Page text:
“If I only have to catch five, I want a bigger bait, Jack!” – Ott DeFoe.
The 2023 season marks a significant shift in the scoring rules for Major League Fishing’s Bass Pro Tour as the more-traditional “biggest five” scoring system replaces the circuit’s first four years of “every fish counts.” The fish are still weighed and immediately released by MLF boat officials, but instead of tallying 10, 20, or even 40 scorable bass in a day, Rapala pros Ott DeFoe and Jacob Wheeler are back to looking for the five biggest bass they can catch each day.
For DeFoe, Stage One was the first professional tournament he had fished in the traditional five-fish format since his epic victory at the 2019 Bassmaster Classic in Knoxville, Tennessee. (Rapala teammate Jacob Wheeler finished second.)
The change in format bears significantly on tournament strategy, but DeFoe and Wheeler showed that the cream rises to the top no matter the scoring system. Wheeler finished the event in 11th after being knocked out of the Championship Round by just two ounces.
Ott made it through the first two qualifying rounds with a sound strategy developed from years of tournament experience chasing Florida-strain largemouth.
“There was a little cold spell that hit during practice, which makes Florida bass harder to catch, so I thought the canal would be the best place to start and catch a limit. There was also some current still running in the canal from earlier rains, and that turned out to be a good decision.”
Ott employed a Shadow Rap® Shad Deep Jerkbait in the Bud color for three fish in his creel.
A DT6 landed a fourth, and his final fish, a 5-7, was caught out in Lake Kissimmee on a Texas-rigged stickbait with a 4/0 VMC® Redline hybrid worm hook and a 3/16 VMC tungsten weight. Ott loves the new Redline hooks.
“The key to the Redline hook is the steel used; Vandium Steel is a much harder grade than traditional hooks. It’s 25% stronger than traditional hooks and that is a big deal. On top of that they are as sticky sharp as a hook can get and they stay sharp.”
A second Bass Pro Tour scoring change in 2023 eliminated the automatic bid to the Championship Round for the two Qualifying Round winners. Thus, DeFoe needed only to finish in the top 20 of his 40-angler group. His goal on Day Two was to catch a decent limit and then explore Lake Kissimmee in preparation for the Knockout Round.
When his starting spot in the canal didn’t fire, he went out into Lake Kissimmee and caught a limit that included a 4-2 on the stickbait. He then switched to a ½ oz. Terminator swim jig and caught two 1-15’s and then a 5-9, which allowed him to start scouting for the Knockout Round. He later culled up with a spinnerbait, which would come back into play later in the event.
The big spinnerbait fish helped Ott end the round in 8th place, which was important because it allowed him to be the final angler to enter the first lock out of Lake Toho into Lake Kissimmee. Notably, 32 of 40 anglers locked through to Kissimmee in the KO Round, and all ten on the final day locked through.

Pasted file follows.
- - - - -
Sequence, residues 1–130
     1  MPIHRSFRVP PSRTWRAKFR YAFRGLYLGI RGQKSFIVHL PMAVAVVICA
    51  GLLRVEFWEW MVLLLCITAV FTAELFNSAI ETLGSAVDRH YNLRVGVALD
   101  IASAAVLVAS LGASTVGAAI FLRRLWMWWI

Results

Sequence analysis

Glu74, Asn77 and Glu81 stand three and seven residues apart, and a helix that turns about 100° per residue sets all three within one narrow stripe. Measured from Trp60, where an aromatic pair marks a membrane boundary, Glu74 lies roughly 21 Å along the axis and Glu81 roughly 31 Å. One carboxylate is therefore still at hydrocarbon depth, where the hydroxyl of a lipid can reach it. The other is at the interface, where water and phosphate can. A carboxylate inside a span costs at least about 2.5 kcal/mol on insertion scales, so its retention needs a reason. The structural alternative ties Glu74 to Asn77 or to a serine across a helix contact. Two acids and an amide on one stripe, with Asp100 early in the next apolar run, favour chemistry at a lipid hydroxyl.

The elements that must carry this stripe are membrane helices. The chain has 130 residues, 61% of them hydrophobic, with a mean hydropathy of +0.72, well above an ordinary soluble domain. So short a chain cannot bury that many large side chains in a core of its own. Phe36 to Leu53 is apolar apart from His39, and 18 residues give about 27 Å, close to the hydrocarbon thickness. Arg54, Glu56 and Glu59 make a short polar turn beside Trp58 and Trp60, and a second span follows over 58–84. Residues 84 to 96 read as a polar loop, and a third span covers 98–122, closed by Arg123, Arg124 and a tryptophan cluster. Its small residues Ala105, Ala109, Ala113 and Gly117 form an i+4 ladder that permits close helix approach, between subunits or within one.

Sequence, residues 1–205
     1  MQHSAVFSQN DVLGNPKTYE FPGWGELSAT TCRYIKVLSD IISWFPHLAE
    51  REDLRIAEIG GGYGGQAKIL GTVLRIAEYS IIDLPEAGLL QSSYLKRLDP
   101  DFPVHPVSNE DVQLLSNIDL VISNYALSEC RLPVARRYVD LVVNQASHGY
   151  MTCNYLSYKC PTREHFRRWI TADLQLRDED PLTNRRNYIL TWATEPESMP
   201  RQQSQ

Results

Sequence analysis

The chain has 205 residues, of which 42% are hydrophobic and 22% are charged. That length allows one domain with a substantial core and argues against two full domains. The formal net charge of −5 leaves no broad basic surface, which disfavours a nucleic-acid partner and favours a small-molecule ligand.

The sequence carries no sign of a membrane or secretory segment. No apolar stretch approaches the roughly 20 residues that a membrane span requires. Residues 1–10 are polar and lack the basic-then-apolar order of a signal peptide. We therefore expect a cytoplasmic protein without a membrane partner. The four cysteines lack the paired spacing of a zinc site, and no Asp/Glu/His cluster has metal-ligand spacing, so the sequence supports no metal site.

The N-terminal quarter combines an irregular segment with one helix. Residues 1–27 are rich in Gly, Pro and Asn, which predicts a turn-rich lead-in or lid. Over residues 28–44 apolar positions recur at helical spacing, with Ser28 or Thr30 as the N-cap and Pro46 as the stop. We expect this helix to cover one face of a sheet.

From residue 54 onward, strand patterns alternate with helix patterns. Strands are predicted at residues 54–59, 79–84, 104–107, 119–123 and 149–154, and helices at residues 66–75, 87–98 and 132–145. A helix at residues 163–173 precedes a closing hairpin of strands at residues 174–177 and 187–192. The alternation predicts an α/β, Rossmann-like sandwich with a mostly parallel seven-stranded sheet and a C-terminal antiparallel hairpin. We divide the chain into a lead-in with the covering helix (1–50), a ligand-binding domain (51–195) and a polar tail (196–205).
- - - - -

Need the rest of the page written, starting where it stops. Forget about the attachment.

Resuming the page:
“Being in the first lock saved me a good 15 to 20 minutes. When I got to my starting spot in the Knockout Round, I caught a 6-1 and a 2-10 before the second group of anglers arrived down there.”
Starting where he caught the 5-9 on Day Two, Ott reeled his Terminator® HD swim jig just under the surface, watched a giant fish wake towards his bait, and then suck it in.
“It looked just like a mudfish bite, which I had caught several of, and since it happened so fast and close to the boat, I just boat swung it in.”
It ended up being a 6-1 largemouth.
He then saw another fish feeding and, on the next cast, caught the 2-10. He later caught keepers three and four on the swim jig. In the same area, he caught another six-pounder.
“I didn’t boat swing that one, but I bet I could have!”
A third Bass Pro Tour format change was the carrying-over of the Knockout Round weight into Championship Day. Culling up as much as possible with swim jig fish after another, DeFoe qualified for the Championship Day in second place, with five bass for 24-10. He caught 24 bass that day, all 24 coming on the swim jig in shallow pad fields.
“The hook is my favorite part about that jig; it’s an absolute gaff. I use 50-pound braid, and when they eat it, the hook is back in the roof of their mouth, and you’ve just got ‘em. That jig holds up to the heavy line so well. The weed guard feels extremely soft, but if you fan it a little, it comes through the cover and makes the bait extremely weedless. The shape of the head is perfect for fishing vegetation, too. It’s a good-sized jig, which I like. If I only have to catch five, I want a big bait, Jack!”
One tip I would give is always to thread whatever soft plastic trailer you’re using on there. The bait keeper on that jig is the best of any jig out there. There’s simply no better keeper made. Hands down, it’s the best – period.
Conditions changed for the final round as a north wind kicked up during the night. That wind muddied the west side of Lake Kissimmee, which meant Ott must seek out new water. He fished the east side of the lake and picked shallow stretches of pad fields like he had fished the previous two days.
“That morning, I learned the fish were not in the mood to chase a moving bait when I fished the swim jig by a patch of arrowheads and had a fish nip at the bait but not get it. I dropped the bait into a hole in the vegetation and jigged it until, finally, the fish ate. When that happens, you know it’s a day for a slower presentation.
Late in the day, a 6-03 on the spinnerbait allowed him to cull up to 21-03 to finish the event in third place with a two-day total of 45-13.
The spinnerbait was a ½ oz Terminator Pro series double willow in the Retro Gill color.
“It’s a Florida special in my mind. Gold blades, green pumpkin, purple, and some orange; looks just like a bluegill.”
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